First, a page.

One of the key aspects of managing a complex system is the switch from fail-safe design to safe-fail experimentation. The nature of a complex system means that we cannot know in advance what will happen, so we cant design for a desired outcome. Instead parallel and possible contradictory experiments allow us to test the evolutionary possibilities of the system. If an experiment starts to produce beneficial results then we amplify it, if negative (and here safe-fail comes in) we dampen it, or even attempt its destruction. Now most people, other than obscurantist post-Popperniarian positivists (you know you are) get this. But the question then follows, how do you select the experiments? What are the criteria of justification under conditions of uncertainty?
My normal answer is two provide two criteria for an experiment to be run.
Now in both these cases we need to be aware that we will be running parallel experiments in the expectation of substantial failure. That is however more desirable than a one time bet, in which we attempt to forecast outcomes where the future is unknowable, or where we suffer analysis paralysis not able to make any decision without guarantees of success.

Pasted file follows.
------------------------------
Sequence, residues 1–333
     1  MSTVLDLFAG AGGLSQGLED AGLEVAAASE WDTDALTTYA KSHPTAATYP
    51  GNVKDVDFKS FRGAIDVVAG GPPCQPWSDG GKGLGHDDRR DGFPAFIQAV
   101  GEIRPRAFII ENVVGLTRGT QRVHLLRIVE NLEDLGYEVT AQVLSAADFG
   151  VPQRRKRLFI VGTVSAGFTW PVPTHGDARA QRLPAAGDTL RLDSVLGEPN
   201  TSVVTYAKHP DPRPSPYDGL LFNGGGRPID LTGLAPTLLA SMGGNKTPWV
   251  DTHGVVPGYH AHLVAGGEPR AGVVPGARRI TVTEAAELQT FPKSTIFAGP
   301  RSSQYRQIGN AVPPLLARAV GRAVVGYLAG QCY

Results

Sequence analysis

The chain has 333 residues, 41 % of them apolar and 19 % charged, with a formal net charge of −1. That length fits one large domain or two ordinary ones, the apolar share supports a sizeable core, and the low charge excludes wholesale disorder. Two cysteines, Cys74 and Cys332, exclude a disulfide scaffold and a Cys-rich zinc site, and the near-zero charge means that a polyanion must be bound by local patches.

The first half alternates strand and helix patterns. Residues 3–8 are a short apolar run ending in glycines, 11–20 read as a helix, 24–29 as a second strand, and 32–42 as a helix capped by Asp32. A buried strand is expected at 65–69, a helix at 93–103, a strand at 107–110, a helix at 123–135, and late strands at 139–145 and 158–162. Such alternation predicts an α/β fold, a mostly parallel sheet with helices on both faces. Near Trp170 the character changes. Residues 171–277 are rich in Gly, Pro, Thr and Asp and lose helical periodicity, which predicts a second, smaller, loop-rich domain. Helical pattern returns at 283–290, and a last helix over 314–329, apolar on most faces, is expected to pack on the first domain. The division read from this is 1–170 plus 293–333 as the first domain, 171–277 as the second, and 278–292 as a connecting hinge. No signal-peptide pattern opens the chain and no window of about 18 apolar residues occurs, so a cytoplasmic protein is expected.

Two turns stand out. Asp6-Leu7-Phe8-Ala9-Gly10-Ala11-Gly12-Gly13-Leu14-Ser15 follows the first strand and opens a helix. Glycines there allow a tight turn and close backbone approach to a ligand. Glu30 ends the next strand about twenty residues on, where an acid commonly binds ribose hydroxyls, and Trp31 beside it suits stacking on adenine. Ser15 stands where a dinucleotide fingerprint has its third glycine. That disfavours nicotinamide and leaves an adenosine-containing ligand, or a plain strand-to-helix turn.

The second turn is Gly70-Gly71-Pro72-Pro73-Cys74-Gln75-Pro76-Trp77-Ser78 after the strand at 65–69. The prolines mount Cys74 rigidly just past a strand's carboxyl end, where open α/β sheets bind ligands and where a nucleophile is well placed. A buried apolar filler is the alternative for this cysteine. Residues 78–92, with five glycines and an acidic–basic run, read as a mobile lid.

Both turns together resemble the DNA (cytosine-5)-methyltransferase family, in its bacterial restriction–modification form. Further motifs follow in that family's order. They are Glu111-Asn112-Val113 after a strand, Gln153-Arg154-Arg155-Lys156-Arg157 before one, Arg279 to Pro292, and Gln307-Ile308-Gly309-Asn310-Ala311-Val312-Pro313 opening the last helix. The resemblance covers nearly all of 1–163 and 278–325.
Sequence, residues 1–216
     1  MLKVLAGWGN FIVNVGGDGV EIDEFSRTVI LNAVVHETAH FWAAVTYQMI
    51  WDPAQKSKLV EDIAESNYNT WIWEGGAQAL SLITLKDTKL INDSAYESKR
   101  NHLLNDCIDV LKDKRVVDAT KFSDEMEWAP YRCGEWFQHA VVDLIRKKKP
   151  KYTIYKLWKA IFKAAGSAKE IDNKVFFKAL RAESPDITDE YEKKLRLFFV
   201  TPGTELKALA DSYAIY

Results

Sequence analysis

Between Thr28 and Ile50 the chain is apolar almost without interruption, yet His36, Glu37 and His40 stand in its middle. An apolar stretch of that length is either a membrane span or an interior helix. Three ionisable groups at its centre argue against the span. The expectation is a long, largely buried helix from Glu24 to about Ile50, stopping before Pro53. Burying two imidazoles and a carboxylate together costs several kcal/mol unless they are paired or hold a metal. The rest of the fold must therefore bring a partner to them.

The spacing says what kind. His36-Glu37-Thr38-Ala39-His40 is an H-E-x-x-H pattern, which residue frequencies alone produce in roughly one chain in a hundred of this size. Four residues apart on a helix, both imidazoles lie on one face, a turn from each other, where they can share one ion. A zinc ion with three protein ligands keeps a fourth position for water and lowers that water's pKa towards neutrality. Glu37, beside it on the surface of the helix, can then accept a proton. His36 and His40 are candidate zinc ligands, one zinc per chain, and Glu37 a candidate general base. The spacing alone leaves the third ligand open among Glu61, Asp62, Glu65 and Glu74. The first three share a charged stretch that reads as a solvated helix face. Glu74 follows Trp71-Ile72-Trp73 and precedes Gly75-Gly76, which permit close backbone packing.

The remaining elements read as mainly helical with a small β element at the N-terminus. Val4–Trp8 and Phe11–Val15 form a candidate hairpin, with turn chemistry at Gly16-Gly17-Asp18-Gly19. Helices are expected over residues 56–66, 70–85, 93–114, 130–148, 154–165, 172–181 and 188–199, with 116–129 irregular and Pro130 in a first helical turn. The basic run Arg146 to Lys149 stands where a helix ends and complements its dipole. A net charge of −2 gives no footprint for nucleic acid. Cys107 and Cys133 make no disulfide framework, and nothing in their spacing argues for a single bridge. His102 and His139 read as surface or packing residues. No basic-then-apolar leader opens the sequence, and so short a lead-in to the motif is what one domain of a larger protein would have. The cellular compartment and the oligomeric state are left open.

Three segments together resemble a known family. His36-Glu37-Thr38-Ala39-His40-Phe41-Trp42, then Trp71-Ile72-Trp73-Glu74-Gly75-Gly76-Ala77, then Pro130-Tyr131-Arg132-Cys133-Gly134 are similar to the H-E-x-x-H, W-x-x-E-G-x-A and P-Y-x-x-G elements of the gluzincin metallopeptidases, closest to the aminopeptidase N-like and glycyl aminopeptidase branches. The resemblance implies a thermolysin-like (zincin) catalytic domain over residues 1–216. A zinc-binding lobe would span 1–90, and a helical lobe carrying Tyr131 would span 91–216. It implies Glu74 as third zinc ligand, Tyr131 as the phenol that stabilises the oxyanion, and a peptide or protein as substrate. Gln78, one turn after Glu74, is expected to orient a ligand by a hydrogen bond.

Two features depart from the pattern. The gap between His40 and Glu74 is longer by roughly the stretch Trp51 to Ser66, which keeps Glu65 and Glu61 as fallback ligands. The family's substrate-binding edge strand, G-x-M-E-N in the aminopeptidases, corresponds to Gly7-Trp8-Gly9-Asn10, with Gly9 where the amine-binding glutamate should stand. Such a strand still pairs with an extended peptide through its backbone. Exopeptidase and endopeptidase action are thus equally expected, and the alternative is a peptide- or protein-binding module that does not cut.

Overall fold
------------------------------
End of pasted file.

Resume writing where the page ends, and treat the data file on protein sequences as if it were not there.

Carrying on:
Neither is it about gut feel and inspirational leadership. It is a structured approach based on low risk discovery. There is a science to managing uncertainty and theories of coherence are central to the develop of that science and its practice.
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